If you don't know an answer, it's important to keep cool and figure out the problem step by step. Not knowing the answer only means there's something you need to review a little more, no worries! If you have to go to an earlier lesson to review some of the material, no big deal! Take a step back, regroup, and come back to show this test who the boss is! Once again, this is a skill like anything else, and more practice will help you improve your speed. Expect to be fairly slow at the start, but with half an hour each day for a week you should see big improvements in your speed! Once you can read quickly, this is GREAT! You can use your ability to read the notes to your favorite songs faster than before. Eventually, you can get so fast at reading that you can read as fast as you play. Reading while playing is called "Sight Reading". If you can sight read great, then you can play new music you've never played before as you see it. There are more tricks for improving speed such as intervallic reading, but first you must master reading note by note, so study hard!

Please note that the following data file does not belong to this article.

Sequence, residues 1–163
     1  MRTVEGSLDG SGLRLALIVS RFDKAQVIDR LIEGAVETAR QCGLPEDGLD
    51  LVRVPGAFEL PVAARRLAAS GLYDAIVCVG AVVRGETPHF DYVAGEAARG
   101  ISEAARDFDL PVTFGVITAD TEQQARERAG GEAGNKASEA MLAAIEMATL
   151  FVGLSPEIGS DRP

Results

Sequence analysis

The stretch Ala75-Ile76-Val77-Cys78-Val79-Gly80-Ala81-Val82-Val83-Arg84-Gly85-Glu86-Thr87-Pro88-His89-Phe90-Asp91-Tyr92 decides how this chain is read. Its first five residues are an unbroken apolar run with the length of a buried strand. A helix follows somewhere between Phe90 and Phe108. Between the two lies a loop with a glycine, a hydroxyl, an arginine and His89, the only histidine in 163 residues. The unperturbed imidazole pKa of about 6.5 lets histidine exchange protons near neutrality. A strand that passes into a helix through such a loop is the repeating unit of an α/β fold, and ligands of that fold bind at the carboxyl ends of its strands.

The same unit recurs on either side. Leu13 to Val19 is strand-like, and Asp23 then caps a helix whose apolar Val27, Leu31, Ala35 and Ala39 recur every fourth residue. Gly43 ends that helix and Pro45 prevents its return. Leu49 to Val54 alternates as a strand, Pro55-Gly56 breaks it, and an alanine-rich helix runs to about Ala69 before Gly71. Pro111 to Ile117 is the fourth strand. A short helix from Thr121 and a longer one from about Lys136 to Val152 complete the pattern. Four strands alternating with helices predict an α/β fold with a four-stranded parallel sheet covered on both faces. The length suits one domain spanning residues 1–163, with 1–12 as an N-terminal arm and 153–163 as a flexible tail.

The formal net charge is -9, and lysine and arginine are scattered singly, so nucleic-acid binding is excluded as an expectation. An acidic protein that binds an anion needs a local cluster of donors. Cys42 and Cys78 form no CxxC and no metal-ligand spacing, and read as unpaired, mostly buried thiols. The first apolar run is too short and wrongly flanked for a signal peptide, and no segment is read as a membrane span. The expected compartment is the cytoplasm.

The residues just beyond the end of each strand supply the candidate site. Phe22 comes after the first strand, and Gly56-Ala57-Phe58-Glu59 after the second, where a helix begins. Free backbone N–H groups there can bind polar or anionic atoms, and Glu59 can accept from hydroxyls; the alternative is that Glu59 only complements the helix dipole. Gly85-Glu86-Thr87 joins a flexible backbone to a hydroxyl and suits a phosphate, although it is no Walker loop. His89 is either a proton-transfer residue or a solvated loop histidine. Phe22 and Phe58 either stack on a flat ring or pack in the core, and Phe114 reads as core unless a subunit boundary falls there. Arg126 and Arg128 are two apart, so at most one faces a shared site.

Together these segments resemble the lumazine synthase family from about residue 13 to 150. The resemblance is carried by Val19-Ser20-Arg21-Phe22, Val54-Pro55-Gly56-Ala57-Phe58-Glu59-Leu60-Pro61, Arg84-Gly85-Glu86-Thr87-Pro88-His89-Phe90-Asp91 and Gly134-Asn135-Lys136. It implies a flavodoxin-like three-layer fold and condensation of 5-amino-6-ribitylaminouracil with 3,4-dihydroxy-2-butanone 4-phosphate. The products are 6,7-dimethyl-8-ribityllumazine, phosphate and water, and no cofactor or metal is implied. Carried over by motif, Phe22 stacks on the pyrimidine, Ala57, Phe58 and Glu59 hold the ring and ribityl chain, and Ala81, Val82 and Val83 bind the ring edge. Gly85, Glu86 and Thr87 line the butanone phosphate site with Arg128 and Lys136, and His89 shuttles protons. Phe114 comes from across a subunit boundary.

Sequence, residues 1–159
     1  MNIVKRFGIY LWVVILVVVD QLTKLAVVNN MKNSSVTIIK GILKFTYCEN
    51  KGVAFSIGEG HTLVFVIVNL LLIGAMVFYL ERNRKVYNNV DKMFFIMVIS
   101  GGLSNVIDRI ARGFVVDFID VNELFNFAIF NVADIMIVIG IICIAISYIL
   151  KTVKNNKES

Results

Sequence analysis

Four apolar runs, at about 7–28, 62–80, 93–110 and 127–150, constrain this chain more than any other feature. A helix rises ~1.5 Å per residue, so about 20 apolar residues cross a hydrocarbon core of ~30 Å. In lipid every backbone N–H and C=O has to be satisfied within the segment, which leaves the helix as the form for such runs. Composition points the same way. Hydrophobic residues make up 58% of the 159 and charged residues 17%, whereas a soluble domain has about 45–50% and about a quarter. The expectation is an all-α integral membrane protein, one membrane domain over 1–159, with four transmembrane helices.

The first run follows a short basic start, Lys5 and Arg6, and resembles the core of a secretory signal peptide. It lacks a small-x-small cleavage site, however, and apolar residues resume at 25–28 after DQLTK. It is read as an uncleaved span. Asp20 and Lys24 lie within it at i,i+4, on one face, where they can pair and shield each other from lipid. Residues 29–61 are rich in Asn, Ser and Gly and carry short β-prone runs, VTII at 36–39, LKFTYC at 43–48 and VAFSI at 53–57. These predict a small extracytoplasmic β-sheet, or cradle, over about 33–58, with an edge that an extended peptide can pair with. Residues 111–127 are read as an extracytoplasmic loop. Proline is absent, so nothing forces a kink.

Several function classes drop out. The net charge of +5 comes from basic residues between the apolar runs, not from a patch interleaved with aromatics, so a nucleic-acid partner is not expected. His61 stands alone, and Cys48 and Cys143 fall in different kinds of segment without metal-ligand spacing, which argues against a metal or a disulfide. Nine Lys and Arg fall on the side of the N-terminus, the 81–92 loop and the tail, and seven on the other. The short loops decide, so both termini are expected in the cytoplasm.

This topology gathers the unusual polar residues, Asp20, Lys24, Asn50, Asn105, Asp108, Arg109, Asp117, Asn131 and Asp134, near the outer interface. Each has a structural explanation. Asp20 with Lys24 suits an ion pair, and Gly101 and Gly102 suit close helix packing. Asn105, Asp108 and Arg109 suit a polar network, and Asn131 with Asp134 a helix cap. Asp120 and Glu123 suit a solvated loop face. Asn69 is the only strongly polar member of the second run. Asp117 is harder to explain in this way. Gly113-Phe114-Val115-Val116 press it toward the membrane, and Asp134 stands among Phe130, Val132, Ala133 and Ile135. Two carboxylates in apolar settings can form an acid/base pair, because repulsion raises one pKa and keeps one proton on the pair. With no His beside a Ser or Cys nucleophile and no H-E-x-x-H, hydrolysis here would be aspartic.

5. Final Thoughts

You made it to the end! Great job!

Where do you go from here you might ask? Well, you'll want to nurture these skill you've picked up over the next few weeks so that they stay locked in your brain. The next things you'll want to learn depends on what your goals are, but one obvious thing to learn next is the black keys. To do this you'll need to learn about, Semi-tones and Whole-tones, as well as Sharps and Flats. I have already made a course in the past that covers these topics (Although it is a little older now, the information is still correct.). It's a great place to go from here! Watch the course.

Thanks for watching and I hope you found this course helpful!